Programming concerts…

Over the last few months I’ve had a few interesting discussions with people about concert programs. One upset me, and one didn’t – and I’m not sure why. It’s made me think a bit about things though….

One discussion was with someone who asked for something ‘modern and angsty’. They were approving the program, so we (me and my associate artist) felt that it was a valid point. I don’t really like this sort of music. I haven’t really liked it for many years now. Luckily for me, the person I was playing with said ‘I have something like this’, and played it in the concert. It seemed to go down really well – but interestingly, it wasn’t the piece that people came up and talked to me about.

The other discussion was with someone who, unprovoked, sent me a slightly shouty email, about how, in their opinion, I worked with too many of the same artists, and played music they didn’t really like. (Bizarrely, this was the one that upset me. They weren’t a concert promoter. They weren’t a professional musician. They were on a music club committee.)

Both of these things got me thinking – and this are my thoughts, in no real order.

I take a lot of time over the programs I devise. I think about keys from one piece to another, and if it’ll be jarring for listeners. I think about how I can link things, and what will go with what. Often the program people will hear in a concert will be the sixth or seventh version of what I start with. Various things get abandoned, or added.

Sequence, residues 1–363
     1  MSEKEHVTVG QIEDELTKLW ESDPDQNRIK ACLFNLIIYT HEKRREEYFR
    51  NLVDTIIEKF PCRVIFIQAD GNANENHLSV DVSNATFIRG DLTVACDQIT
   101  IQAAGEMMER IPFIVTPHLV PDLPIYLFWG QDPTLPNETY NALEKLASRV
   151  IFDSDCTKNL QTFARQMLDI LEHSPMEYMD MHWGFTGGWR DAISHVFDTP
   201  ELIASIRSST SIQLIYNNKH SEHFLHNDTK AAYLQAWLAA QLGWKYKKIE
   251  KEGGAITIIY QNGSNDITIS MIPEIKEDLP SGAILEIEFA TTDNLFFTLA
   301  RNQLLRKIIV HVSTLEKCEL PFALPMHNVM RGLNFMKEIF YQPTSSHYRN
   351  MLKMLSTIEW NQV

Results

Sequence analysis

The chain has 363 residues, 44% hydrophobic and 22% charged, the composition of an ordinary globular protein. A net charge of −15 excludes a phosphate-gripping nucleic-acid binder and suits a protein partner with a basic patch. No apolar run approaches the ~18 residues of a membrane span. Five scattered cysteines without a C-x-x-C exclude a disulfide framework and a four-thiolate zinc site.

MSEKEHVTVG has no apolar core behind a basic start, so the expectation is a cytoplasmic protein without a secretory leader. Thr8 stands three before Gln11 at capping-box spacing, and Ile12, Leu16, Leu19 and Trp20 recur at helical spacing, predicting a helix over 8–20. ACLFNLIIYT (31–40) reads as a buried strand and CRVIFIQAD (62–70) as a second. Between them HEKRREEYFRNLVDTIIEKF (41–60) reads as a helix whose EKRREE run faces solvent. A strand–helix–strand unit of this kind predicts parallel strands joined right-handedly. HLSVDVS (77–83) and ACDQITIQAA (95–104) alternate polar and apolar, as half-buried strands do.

do choose music that I like to play – and what my associate artists like to play. I’ll often program something because the person with whom I’m working has said ‘This is my favourite piece right now’. This generally means, because I love what I’m playing, I play it better. It becomes far more exciting for me, as a performer – and that changes things for the audience, I think.

I work with musicians regularly that inspire me. That means the relationship between us on stage deepens. We can play more organically together, and explore more complex repertoire. We hardly ever play the same thing (someone once asked me ‘Aren’t you sick of this by now?’, and it was only when I walked away they I realised they thought I was playing the same program over and over.)  when we meet again. Admittedly, it is the same sound palette – but with different music. But how many times have I listened to, say, the sixth Brandenburg concerto, or the Mendelssohn Octet? Does this make my umpteenth listening of the piece less than the first time I heard it?

And I don’t often program angsty stuff. I do play music by living composers (I have been criticised by one living composer that I don’t do this enough, but I try and put something in in every program I play…). I don’t like listening to it much – I find it upsetting. Perhaps this is my reaction to hearing upsetting stories of the kids I teach? I want something that is uplifting? I’m not sure. But I know I don’t really like it. It’s made me wonder why I listen to the type of music I do… Perhaps this will change over time. Perhaps not.

I am always a bit taken aback when I meet people and they say ‘Oh, I read your blog!’ – so I’ll ask you a question. Why do you go to concerts? Is it always for the same reason? I think I go to be taken somewhere. I remember once going to an ACO concert – I’d had a really tough week. And for the first time I felt my body relax. I sat and smiled. I cried a bit. And I left feeling totally wonderful. I also go to be inspired by the performers. I don’t go to be challenged. Not at the moment. Maybe that’s close-minded of me. Or maybe that’s just where I am at the moment.

Why do you go?